Chances were if you knew anything about Penn State women’s hockey, it was those two things. Losing, and allegations.
Under Kampersal, who is in his fourth year at Penn State after serving at Princeton in the same role down the hall from Penn State men’s coach Guy Gadowsky, the losing has changed.
And perhaps more importantly, the culture surrounding his program has too.
“Trust. My biggest one is trust,” Kampersal said when asked the biggest key to good culture. “And so, when we go through certain phases of this program, there’s been issues that we’ve worked through to get to this point where our players are a solidified group. They’re not a perfect group, they could make mistakes along the way as well as me as a coach. But we trust one another. The communication is transparent.”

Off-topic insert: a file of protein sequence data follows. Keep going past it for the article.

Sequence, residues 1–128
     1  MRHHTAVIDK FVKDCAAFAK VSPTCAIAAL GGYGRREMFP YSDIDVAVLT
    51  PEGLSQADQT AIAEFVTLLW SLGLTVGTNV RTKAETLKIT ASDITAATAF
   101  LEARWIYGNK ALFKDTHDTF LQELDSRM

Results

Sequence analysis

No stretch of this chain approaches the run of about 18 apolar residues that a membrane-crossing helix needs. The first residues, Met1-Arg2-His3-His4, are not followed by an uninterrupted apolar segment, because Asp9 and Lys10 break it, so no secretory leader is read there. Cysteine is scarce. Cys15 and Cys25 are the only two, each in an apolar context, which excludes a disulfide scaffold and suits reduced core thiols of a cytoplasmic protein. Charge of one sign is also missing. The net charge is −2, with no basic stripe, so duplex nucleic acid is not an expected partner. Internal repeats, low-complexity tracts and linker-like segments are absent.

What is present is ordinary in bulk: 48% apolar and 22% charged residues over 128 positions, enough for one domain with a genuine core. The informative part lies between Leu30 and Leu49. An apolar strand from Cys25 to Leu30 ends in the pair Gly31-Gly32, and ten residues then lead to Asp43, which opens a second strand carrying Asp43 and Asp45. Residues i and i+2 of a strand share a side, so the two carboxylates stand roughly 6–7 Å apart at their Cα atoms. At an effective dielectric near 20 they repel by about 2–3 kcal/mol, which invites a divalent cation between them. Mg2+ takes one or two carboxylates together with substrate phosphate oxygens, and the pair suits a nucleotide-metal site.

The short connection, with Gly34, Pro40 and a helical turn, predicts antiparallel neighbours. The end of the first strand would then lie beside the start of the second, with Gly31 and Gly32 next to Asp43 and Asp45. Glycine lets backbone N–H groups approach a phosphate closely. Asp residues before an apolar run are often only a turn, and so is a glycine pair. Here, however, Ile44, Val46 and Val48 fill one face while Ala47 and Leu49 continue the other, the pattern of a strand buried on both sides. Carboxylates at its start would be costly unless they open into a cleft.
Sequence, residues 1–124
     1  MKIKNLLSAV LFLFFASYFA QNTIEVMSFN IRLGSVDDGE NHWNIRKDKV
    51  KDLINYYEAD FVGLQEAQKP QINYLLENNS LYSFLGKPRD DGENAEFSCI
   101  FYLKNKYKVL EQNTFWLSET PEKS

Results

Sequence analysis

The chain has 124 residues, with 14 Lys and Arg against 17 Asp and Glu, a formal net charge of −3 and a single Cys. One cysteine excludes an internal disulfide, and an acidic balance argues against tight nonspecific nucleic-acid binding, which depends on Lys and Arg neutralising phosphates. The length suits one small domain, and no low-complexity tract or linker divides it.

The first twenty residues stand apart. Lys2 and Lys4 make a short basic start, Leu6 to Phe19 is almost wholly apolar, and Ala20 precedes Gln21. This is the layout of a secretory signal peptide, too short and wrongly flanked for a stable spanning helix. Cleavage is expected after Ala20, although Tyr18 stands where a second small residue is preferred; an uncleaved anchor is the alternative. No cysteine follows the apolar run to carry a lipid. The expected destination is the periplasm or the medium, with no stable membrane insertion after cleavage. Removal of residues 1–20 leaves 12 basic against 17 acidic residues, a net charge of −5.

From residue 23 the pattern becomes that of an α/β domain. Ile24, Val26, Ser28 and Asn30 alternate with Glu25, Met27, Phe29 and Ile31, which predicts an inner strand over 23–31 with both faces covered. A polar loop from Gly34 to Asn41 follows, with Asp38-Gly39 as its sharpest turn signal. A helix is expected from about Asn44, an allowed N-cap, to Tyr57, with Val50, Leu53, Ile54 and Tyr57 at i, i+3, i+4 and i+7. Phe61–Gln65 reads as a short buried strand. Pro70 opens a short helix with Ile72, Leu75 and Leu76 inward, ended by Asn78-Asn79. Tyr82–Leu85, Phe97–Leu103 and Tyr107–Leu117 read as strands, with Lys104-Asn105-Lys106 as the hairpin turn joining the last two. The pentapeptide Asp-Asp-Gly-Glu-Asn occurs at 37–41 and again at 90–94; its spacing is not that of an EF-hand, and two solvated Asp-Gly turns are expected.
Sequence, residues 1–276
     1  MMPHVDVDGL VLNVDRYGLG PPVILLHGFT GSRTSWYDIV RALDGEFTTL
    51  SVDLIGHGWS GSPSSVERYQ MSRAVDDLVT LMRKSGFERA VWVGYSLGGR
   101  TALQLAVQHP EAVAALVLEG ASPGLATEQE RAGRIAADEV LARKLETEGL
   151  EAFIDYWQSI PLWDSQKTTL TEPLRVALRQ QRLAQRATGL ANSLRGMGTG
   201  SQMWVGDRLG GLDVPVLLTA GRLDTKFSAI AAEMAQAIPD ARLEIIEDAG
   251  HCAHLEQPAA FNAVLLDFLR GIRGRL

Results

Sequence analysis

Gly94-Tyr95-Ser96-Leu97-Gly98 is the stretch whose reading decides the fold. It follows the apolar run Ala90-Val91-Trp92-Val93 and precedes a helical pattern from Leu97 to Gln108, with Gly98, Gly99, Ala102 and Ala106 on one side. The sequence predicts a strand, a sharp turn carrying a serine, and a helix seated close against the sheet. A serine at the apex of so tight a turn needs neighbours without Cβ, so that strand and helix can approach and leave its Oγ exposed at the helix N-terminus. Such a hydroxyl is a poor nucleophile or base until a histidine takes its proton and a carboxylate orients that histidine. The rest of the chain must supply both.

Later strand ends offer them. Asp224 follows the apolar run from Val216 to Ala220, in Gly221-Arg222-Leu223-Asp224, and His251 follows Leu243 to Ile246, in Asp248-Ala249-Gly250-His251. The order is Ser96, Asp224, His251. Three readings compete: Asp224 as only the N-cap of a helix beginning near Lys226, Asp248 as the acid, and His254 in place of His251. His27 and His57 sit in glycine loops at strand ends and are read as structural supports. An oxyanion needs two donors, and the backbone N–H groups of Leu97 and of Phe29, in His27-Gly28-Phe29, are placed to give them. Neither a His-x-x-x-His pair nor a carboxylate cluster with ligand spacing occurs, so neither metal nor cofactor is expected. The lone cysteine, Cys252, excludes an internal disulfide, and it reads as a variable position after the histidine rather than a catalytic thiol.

This pays off in more ways than one. On off days Kampersal has seen his entire team skating together rather than just a few players. The chemistry on and off the ice is better, there is trust, there is togetherness, there is fun.
Hockey is a sport, it’s supposed to be fun. And for the Nittany Lions, it has become that again.
Or perhaps for this particular program, for the first time ever.
“I think [culture] takes an incredible amount of patience,” Heising said. “For me, at least this is my fourth year and finally having a team with that kind of culture takes a lot of hard work and a lot of patience and I’m really glad it’s where it is now.”
“I think that culture, and that environment comes from the players, it doesn’t come from the coaching staff wanting it to be a certain way or wanting the team culture to be a certain way. It came from every girl, wanting to create a team, where we’re hard working, we’re trusting, and we do whatever it takes, and I think once all the girls were on board with that. It’s kind of unbreakable.”